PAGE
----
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All About Pregnancy

8 Power Foods for a Healthy Pregnancy

You already know about the do-not-eat list, but what about the foods that will power you through the rest of your pregnancy?

Building a baby is hard work! Enter these eight foods that fuel your baby’s growth and development and are great for you, too. See how they help during pregnancy and how to serve them up so they pack the biggest nutritional punch.


This green leafy vegetable is one of the best sources of folate, says Torey Armul, RD, spokesperson for the Academy of Nutrition and Dietetics. It lowers the risk of birth defects in the brain and spine, and one cup of cooked spinach provides 6 mg of iron.

Maximize the benefits: Whether you enjoy raw spinach in a salad or cooked as a side, serve it with foods rich in vitamin C (like bell peppers or berries) to increase iron absorption, says Armul.

Sweet potatoes

Yams are loaded with vitamins, minerals, and antioxidants known as carotenoids that can boost your immune system, notes Armul. “One sweet potato provides you with an entire day’s worth of vitamin A, which is good for your baby’s eye development,” she says. They’re also high in potassium, which can ease leg cramps.

Maximize the benefits: Your body absorbs carotenoids better when you pair them with a fatty food like nuts, says Armul. Try some chopped walnuts on top of your yam.


An excellent source of fiber and vitamin C, broccoli helps your baby’s bones, teeth, and blood cells grow, says Kristi King, RDN, a senior pediatric dietitian at Texas Children’s Hospital in Houston and a clinical instructor at Baylor College of Medicine. It's also rich in folate, calcium, and immune-boosting antioxidants.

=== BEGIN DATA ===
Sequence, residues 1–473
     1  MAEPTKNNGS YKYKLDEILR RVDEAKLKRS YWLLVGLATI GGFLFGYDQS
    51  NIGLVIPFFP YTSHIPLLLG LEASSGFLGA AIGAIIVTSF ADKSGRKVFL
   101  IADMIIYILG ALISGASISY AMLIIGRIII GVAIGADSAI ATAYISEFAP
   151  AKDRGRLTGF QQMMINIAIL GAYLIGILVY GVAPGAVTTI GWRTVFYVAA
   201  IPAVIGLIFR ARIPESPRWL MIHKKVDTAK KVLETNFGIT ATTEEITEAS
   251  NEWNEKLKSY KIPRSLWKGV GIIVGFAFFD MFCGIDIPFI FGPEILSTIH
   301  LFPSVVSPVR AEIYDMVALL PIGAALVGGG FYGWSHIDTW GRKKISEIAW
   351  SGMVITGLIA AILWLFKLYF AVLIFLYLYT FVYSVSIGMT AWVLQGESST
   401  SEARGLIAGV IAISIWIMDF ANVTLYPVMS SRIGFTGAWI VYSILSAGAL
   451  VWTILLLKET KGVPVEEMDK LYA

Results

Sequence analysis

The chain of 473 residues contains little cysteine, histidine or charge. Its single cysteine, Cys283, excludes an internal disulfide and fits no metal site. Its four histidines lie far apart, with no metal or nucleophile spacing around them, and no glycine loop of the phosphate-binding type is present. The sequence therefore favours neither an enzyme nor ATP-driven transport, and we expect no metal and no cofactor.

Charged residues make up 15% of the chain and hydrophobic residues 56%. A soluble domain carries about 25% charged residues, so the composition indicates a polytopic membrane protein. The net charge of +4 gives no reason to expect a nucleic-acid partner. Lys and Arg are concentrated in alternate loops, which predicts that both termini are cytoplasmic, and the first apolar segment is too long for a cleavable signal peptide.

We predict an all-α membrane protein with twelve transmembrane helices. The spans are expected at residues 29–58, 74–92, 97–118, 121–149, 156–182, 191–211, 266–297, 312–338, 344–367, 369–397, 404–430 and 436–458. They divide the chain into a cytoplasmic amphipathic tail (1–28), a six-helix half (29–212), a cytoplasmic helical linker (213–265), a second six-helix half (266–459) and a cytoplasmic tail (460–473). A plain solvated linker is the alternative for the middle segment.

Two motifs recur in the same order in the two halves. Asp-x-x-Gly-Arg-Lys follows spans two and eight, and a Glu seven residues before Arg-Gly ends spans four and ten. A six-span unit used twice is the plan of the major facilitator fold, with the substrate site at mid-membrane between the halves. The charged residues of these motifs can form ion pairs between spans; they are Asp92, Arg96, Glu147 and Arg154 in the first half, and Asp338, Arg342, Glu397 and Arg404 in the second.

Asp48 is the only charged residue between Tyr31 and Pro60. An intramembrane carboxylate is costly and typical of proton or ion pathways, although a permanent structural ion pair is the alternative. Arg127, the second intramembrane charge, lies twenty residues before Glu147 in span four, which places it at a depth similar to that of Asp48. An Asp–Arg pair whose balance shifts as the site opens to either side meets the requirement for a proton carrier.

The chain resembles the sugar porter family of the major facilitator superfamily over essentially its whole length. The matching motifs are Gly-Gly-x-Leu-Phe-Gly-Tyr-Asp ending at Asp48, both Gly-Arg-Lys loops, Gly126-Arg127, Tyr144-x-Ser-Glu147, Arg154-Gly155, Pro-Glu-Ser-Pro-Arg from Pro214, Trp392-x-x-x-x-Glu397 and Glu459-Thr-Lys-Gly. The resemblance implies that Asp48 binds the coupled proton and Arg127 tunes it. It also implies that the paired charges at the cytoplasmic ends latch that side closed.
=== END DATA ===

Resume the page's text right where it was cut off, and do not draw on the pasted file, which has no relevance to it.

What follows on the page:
Maximize the benefits: Serve it raw or lightly steamed, since overcooking it can destroy its antioxidant properties. And since this cruciferous veggie also contains carotenoids, pair it with a healthy fat like olive oil or sliced avocado, suggests King.

Fortified cereal

Cereal makes a nutritious on-the-go snack because it contains zinc, B vitamins, and iron, notes Armul.

Maximize the benefits: Adding milk to cereal gives you more protein, calcium, and vitamin D. But wait a couple of hours before drinking something caffeinated. “Coffee and tea can hinder iron absorption,” explains Armul.


The fiber in oats keeps you feeling fuller longer and steadies blood sugar—a plus for if you’re at risk of developing gestational diabetes. Oats also contain zinc, B1, and chromium and have more protein than refined grains, notes Melissa Majumdar, RD, spokesperson for the Academy of Dietetics and Nutrition.

Maximize the benefits: Oatmeal can become a complete meal when you add a spoonful or two of protein-rich peanut butter or Greek yogurt as well as fruit to your bowl. 


Packed with protein, vitamin A, and all-important choline for fetal growth and brain development, eggs are a near-perfect food. “You’ll get more brain-boosting nutrients if the eggs contain omega-3s,” notes Majumdar.

Maximize the benefits: Research has shown that mixing eggs with vegetables can really boost your body’s ability to take in their antioxidants, explains Armul. Consider slicing a hardboiled egg in salads or adding peppers and spinach to scrambled eggs.


Turned off by meat? Substitute lentils and legumes instead. “They’re a great source of B vitamins, iron, zinc, choline, and magnesium,” says Majumdar. Magnesium aids fetal and maternal bone health and can help prevent muscle cramps.

Maximize the benefits: Beans are an incomplete protein, but serving them up with grains such as brown rice or quinoa can give you all the protein you and your baby need in one meal, explains Armul.


This dairy food contains magnesium, B vitamins, potassium, and calcium. But it’s the healthy bacteria known as probiotics that turn yogurt into a superfood. Probiotics can help your digestion and may even strengthen your baby’s immune system before birth, says Armul.

Maximize the benefits: Topped with nuts and fruit, protein-rich yogurt can become a complete meal. But don’t overdo it when it comes to dairy. The excess calcium can interfere with iron absorption, Armul explains.